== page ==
You mentioned Floyd Toole in your posts above. He and a few others are also quite fastidious in their work. But I really pay little attention to him for the simple reason that he and everybody else to one great degree or another all face the same issues crippling our playback systems' performance. Namely the two items I mentioned above.

With regard to Floyd, et al I mean no disrespect but as fastidious as he and others were it really doesn''t matter much because in all of their tests and evaluations they too were dealing with the same/similar sonically catastrophic shortcomings that severely cripple every last playback system, measuring instruments, sound generators, etc. If that is true, then that implies that all of their findings would be equally limited, crippled, and ultimately catastrophic. If true (and it is), there can be little or no value to their findings. Perhaps not much different than an exotic sports car researcher / reviewer testing and evaluating and publishing their findings when the only gasoline available to everybody is 79 octane and all the problems associated with that.

Actually I should take a step back here because THE most catastrophic matter facing this industry IMO is that there seems to be so few focused on training themselves to develop some ability to discern / interpret what they hear. Sorry but that had to be said and it's rather important because we have plenty of enthusiasts out there claiming every playback system they hear sounds just like live music or that there's a direct correlation between cost and performance or if some silly measurement is met, it automatically is more musical. That's why our listening skills as a collective whole is the most important issue. This is quite a dilemma because until more of us take our listening skills more seriously, not much else really matters, does it?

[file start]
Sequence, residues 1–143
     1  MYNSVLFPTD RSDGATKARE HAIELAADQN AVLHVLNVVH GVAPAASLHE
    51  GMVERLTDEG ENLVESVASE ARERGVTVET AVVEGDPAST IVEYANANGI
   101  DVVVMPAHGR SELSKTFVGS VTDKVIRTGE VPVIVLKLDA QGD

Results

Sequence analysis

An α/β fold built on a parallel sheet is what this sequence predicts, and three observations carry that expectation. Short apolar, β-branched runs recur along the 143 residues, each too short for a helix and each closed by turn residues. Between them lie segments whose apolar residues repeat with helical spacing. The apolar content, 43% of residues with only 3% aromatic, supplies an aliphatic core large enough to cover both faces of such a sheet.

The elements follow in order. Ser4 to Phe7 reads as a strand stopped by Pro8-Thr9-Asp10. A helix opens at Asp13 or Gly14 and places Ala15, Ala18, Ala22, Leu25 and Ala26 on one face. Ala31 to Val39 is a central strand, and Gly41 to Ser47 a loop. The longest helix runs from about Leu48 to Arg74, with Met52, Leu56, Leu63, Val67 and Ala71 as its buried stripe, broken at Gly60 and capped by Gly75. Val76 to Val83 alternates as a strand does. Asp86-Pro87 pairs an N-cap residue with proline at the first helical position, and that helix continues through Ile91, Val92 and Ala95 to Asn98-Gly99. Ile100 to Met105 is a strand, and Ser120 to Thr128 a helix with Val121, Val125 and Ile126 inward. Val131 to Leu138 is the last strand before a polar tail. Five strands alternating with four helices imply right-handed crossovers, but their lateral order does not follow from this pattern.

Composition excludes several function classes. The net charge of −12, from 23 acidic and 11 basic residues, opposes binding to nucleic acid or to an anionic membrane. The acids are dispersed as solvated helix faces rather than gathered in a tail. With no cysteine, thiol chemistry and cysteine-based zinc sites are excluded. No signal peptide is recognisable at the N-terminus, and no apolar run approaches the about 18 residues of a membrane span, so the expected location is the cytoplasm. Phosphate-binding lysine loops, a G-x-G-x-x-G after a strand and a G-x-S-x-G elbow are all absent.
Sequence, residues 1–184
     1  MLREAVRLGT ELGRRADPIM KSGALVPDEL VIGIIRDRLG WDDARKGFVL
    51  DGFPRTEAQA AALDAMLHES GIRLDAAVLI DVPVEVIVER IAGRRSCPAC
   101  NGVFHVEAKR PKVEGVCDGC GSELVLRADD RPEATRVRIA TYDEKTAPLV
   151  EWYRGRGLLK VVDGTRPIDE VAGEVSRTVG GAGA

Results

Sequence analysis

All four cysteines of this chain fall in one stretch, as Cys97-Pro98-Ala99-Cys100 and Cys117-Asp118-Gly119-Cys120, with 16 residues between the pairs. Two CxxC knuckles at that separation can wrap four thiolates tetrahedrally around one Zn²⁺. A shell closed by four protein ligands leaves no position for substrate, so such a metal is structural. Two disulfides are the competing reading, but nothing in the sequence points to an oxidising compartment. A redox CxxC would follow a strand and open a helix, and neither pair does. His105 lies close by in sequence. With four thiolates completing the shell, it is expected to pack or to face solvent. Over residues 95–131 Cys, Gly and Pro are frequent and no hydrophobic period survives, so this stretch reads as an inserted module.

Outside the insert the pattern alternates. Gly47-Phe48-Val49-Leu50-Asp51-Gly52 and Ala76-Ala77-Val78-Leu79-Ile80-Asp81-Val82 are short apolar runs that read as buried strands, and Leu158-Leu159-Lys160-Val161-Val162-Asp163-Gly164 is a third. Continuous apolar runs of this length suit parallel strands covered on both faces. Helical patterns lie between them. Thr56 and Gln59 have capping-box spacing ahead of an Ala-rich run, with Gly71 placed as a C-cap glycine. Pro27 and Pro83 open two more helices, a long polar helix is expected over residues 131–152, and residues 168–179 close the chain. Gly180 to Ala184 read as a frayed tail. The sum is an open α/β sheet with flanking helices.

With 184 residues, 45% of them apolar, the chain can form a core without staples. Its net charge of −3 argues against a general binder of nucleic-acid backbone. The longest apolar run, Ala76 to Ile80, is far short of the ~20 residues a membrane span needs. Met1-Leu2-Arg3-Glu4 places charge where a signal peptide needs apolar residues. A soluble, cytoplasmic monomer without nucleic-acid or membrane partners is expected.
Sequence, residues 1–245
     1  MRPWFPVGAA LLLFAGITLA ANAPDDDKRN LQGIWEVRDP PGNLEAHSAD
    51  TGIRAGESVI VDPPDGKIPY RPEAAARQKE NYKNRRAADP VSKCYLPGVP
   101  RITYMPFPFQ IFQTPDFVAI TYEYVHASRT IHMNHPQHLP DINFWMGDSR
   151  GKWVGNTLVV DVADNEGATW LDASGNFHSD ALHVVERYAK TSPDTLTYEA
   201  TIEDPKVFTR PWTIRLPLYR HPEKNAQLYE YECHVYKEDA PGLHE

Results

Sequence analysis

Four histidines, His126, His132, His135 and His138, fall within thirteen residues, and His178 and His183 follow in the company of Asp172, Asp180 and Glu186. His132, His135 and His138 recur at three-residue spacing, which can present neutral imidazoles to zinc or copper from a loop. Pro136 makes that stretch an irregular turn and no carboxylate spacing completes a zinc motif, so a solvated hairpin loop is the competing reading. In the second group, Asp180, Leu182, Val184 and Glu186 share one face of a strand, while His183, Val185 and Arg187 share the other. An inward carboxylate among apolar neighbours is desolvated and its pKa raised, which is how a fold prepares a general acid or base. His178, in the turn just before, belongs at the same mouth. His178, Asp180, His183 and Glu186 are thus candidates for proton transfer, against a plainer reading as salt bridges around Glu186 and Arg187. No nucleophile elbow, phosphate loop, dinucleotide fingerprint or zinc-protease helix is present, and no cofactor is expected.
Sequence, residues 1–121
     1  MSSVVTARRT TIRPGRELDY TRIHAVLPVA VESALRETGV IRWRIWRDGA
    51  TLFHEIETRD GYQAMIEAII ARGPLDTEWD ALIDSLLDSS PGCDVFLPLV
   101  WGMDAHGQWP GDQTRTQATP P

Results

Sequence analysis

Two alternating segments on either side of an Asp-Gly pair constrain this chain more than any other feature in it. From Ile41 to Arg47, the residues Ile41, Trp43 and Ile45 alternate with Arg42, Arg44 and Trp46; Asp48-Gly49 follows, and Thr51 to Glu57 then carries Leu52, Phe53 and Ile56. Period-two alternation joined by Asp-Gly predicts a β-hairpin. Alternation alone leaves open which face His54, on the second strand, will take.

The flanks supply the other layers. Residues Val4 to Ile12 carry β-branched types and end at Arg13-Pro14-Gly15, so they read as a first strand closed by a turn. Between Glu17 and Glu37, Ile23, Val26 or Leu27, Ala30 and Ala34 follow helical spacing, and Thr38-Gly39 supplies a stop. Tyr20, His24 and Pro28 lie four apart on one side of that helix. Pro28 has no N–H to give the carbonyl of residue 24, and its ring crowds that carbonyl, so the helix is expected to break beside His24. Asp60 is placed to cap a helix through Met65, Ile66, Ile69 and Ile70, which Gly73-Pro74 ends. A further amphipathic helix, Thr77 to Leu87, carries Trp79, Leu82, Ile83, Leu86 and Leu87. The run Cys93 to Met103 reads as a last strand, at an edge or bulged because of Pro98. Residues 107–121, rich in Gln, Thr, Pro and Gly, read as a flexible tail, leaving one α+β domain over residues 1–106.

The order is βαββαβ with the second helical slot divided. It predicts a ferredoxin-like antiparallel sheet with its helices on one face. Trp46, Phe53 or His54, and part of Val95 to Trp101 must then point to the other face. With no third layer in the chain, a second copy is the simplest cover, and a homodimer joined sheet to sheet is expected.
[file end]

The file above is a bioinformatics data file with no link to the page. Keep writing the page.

So with that said and if there's any truth to what I've said, I would say, yes there is an audio circle of confusion big time but there need not be the case. But so long as we refuse to think differently or think outside the traditional status quo box, we will continue to propagate this circle of confusion as well as perhaps a dozen or so folklore that go along with it.

Anyway, I appreciate your efforts and your bringing up this important topic but I probably disagree with most everything in it for the reasons I stated above. And with that, I'll close by providing a couple of oldies in-room recordings that hopefully will substantiate my position a bit. Particularly that recording studios for the most part have been doing a sufficient-enough or better job since at least the 1950's. Even though there's always room for improvement there too.